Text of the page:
2. Twenty years before her beatification she was already memorialized at a Catholic Youth Organization summer camp I attended. ‘Her’cabin, fondly known as “Katy Tek”, was home for 20 boys for a week at a time, and where we first learned her story. (And, of course, 20 girls during the girls’ sessions.)

    The camp, and Katy Tek cabin, are still there.
    Thank you for a reminder of a great Native American saint.

  3. May Saint Kateri Tekakwitha continue to unite the Original Peoples of this continent! May she lead many others of us to acknowledge their deep earth-centered spirituality that can positively influence our liturgies and gatherings!

  4. Her shrine church, Saint Francis Xavier Church, Kahnawake, Quebec, Canada, just across the river from Montréal, is well worth a detour.

    A meeting of Universa Laus in Montréal in 2001 went to the shrine for a guided visit, Mass, and reception. The music at the Mass was led by a Mohawk choir. You have never heard such a sound: acidic howling, similar to what the scholars tell us was the habitual tone of mediaeval vocal production — i.e. shouting in the chest voice. The Mohawks were very gracious hosts, however.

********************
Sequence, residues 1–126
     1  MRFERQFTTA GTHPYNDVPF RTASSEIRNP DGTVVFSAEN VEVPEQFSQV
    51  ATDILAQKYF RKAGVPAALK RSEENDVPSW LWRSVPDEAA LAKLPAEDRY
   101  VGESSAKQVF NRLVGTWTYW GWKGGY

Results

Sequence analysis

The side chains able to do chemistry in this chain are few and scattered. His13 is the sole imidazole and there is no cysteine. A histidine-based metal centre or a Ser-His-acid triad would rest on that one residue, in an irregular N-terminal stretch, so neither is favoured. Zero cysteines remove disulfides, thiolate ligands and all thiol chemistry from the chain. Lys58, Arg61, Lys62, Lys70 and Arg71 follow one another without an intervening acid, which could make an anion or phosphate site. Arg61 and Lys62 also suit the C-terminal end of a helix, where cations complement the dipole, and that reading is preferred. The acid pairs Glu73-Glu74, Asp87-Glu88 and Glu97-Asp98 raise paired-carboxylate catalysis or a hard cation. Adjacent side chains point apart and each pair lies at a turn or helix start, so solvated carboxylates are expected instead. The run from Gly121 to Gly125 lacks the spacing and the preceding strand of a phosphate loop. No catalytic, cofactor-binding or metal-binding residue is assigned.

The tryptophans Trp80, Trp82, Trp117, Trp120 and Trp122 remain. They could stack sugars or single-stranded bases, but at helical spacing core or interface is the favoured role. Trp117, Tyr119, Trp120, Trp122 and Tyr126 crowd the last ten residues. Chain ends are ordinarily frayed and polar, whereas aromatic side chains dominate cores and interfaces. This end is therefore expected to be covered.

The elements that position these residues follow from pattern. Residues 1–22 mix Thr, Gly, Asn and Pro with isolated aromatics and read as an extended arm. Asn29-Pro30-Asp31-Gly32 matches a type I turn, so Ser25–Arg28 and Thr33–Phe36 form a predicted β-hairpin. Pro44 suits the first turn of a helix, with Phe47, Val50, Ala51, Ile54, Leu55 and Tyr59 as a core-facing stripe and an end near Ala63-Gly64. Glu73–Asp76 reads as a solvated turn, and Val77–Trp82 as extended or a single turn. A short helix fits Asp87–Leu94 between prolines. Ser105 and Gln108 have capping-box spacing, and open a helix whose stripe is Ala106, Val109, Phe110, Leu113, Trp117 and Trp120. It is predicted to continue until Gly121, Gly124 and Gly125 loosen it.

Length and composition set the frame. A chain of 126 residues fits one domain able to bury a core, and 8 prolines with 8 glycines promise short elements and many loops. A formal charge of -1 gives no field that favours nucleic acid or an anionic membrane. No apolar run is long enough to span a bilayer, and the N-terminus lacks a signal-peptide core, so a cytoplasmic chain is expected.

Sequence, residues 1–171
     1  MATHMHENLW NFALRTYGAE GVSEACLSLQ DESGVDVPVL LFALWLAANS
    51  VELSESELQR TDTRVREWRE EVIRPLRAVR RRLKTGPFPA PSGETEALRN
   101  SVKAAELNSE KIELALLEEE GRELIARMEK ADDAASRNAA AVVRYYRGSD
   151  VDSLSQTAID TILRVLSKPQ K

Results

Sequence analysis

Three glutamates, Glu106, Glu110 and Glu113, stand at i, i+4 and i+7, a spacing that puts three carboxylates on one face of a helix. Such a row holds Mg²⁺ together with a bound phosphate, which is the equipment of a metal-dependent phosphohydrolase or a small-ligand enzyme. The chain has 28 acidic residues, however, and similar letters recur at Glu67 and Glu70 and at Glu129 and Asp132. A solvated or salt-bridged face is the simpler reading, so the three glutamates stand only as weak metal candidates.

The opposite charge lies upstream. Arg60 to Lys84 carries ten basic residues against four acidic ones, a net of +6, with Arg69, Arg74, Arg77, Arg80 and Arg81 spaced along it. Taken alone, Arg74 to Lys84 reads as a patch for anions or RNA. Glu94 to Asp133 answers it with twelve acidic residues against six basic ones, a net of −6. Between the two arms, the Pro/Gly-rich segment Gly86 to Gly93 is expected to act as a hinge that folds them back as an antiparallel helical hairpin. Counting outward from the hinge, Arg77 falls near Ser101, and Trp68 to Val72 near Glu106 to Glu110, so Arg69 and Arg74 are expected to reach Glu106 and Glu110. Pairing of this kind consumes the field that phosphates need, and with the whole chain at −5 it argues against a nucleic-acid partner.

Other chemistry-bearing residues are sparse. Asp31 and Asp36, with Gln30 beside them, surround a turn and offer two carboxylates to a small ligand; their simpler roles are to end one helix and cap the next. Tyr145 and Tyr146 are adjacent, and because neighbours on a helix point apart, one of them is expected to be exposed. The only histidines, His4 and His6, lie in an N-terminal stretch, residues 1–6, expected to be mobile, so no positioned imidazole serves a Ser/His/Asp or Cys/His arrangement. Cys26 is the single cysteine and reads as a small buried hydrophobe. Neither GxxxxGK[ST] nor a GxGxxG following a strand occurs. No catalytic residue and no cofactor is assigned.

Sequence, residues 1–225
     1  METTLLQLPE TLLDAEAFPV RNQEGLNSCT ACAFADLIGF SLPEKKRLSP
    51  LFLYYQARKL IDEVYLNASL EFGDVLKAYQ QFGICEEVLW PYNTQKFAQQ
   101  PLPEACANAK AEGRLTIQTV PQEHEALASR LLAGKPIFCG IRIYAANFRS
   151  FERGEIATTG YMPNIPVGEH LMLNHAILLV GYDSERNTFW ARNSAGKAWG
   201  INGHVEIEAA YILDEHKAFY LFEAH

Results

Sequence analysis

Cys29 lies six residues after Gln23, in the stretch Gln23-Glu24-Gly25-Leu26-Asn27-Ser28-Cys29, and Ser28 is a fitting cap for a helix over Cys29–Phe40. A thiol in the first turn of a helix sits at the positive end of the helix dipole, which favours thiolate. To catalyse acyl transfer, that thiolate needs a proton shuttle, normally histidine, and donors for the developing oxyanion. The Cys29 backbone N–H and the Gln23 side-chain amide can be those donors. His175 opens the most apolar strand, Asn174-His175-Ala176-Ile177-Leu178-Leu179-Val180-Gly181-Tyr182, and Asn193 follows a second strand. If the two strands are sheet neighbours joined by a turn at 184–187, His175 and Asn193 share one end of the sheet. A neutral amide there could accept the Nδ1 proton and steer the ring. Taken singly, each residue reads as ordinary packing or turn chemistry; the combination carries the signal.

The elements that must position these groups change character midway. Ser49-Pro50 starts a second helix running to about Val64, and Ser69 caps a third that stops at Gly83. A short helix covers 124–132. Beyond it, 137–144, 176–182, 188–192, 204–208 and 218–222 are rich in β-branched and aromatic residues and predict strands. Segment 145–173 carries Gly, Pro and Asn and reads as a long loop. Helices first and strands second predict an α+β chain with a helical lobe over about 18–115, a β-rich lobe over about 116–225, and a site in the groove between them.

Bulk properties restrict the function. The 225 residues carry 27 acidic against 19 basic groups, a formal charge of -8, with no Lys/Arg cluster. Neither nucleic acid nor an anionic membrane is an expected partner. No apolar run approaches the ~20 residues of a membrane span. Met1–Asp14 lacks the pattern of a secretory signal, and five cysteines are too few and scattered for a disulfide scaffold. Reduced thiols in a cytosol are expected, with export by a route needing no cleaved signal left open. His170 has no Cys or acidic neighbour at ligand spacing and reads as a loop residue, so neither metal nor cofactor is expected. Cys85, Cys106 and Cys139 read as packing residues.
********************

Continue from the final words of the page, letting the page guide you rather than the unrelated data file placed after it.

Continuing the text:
Some of us were so taken with the church and museum that we returned there after the conference was over to spend more time with the exhibits.

    1. @Paul Inwood:
      I was there and I remember the Mass very well. The Mohawk deacon smudged us with burning sweetgrass and there were dreamcatchers on the walls of the church, at the four quarters of the compass. The simple tomb of Blessed Kateri (as she was then) was very moving. All in all, a very happy memory.